The anger and frustration began to escalate on June 26, when the trial of the much-reviled former interior minister, Habib Al-Adly, and six of his aides was postponed for a second time. The victims’ outraged family members gathered outside the courthouse and pelted police vehicles with rocks as they drove away. Two days later, clashes broke out between police and relatives of those killed in the uprising at an event honoring martyrs of the revolution. The clashes quickly spread to the Interior Ministry and Tahrir Square, where thousands of demonstrators had rushed in solidarity, and escalated into the largest street battles between security forces and protesters since Mubarak’s fall. Security forces used rubber bullets, birdshot, tear-gas canisters, as well as reportedly live ammunition, in some cases, against the demonstrators and taunted them, some while brandishing swords. Protesters fought back with rocks and Molotov cocktails, and more than 1,000 people were injured. The fierce clashes convinced many that the security apparatus remains unreformed.
"What happened on June 28 was the last straw for me," says Sarah Abdel Rahman, a 23-year-old protester taking part in the sit-in at Tahrir. "We don’t have any freedoms. Since the revolution there has been no change."
Less than a week later, clashes erupted at a Cairo courthouse after a judge ordered the release on bail of seven police officers accused of killing 17 protesters and wounding 300 others in the canal city of Suez — widely viewed as the symbolic heart of the revolution. The ruling touched off two days of rioting in Suez, with hundreds of people torching police cars and trying to storm government buildings. Some protesters blocked a highway outside the city, temporarily shutting down transportation to the nearby port while others threatened to shut down the Suez Canal, a primary source of foreign income for Egypt.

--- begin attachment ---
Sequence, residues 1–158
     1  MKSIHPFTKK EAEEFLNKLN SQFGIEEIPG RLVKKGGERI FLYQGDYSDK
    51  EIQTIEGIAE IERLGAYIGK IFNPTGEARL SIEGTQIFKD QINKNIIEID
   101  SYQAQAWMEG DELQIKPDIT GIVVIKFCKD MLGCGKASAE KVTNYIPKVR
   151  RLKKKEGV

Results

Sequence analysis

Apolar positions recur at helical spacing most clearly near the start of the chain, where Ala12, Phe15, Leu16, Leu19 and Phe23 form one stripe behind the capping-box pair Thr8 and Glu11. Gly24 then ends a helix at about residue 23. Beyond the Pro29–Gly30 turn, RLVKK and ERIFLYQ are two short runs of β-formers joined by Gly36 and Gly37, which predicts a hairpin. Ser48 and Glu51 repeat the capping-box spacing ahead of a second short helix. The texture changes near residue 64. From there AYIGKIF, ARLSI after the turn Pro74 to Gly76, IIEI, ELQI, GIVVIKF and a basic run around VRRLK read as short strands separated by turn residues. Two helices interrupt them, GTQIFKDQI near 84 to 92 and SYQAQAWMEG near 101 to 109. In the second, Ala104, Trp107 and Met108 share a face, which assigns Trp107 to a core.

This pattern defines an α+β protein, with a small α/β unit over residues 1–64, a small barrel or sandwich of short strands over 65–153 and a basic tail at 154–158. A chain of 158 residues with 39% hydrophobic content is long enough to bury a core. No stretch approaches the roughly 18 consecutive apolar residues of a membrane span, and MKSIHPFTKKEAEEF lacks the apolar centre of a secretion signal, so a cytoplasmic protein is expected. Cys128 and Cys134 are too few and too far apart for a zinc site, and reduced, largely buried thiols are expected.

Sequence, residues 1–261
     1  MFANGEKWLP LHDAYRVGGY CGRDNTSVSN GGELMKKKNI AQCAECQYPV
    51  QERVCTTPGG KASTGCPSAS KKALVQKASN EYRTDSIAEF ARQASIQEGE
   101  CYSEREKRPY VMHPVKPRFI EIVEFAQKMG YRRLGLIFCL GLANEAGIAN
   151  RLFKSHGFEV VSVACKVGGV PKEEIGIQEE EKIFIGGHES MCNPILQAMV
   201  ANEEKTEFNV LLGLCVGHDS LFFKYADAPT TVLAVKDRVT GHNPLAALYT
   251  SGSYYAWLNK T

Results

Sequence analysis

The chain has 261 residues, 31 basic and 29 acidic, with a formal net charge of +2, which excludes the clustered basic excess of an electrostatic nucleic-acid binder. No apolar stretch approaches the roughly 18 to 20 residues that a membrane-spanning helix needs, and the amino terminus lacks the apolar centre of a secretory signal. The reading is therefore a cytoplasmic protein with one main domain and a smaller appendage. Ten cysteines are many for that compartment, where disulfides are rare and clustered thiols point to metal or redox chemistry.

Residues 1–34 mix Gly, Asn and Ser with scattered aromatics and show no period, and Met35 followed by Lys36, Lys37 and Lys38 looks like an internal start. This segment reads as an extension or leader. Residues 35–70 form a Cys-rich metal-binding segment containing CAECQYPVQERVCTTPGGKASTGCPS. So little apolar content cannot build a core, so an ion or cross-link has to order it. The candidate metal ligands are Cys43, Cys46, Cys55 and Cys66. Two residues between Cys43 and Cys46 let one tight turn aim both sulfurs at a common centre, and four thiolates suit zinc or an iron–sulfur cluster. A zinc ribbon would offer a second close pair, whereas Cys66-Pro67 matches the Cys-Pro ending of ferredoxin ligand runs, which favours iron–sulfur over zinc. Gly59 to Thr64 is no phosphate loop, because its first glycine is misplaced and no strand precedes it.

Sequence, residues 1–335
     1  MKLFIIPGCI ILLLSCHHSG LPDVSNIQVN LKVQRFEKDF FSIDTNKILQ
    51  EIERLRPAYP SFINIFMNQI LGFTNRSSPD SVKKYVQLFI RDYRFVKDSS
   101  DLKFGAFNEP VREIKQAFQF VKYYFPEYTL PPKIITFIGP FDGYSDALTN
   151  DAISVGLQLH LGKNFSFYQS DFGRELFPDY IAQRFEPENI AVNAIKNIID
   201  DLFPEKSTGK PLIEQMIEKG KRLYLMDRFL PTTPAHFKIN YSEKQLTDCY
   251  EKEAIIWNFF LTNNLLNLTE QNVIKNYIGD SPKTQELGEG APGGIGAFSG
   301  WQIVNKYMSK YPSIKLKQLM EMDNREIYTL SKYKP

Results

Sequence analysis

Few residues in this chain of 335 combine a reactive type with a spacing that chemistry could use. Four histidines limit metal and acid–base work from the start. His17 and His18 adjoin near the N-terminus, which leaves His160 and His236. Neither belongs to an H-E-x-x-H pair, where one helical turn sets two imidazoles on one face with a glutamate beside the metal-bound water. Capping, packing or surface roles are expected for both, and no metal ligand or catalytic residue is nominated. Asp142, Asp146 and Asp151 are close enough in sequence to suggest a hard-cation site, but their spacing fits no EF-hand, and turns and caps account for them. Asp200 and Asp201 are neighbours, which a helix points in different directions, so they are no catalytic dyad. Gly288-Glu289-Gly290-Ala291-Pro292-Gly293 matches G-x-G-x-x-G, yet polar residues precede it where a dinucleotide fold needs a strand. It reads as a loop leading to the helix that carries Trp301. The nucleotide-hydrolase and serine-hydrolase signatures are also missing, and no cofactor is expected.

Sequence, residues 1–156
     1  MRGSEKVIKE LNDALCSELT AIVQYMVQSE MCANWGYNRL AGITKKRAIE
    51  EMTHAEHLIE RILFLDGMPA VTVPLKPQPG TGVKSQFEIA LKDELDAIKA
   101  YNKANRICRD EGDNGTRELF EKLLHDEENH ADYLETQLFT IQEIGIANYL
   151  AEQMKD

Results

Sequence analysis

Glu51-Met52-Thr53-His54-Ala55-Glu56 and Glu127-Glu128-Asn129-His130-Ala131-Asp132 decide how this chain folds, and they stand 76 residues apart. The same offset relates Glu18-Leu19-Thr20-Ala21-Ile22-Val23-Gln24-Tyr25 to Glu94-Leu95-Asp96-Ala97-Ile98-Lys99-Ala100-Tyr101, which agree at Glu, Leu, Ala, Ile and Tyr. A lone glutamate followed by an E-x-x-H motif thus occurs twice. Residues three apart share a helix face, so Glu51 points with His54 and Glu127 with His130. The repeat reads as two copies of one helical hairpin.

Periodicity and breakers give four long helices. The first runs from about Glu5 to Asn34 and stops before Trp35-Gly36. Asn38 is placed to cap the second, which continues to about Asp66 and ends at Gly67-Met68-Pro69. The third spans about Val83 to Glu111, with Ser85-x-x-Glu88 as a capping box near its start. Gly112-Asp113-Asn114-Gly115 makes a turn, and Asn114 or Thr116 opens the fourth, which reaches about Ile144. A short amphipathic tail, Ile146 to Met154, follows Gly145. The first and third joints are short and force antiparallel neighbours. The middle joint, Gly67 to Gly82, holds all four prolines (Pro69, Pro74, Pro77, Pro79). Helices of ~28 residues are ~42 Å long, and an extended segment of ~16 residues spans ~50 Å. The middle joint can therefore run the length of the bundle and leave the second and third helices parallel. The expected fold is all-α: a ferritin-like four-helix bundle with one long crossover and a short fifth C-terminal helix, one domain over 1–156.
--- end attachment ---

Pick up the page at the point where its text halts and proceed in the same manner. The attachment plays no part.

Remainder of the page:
Over the past five months, only one policeman has been convicted — in absentia — for the killing of protesters during the revolution, in which nearly 1,000 people were killed. Over the same time period, more than 10,000 civilians have been tried in military courts, where they are routinely denied access to lawyers and family and receive sentences ranging from a few months to five years.
"The Supreme Council has not honored its pledge to bring people to justice," says Ghada Shahbandar, an activist with the Egyptian Organization for Human Rights. "It has no constitutional legitimacy at all. Any legitimacy it has comes from the people, and the people are making their voices heard."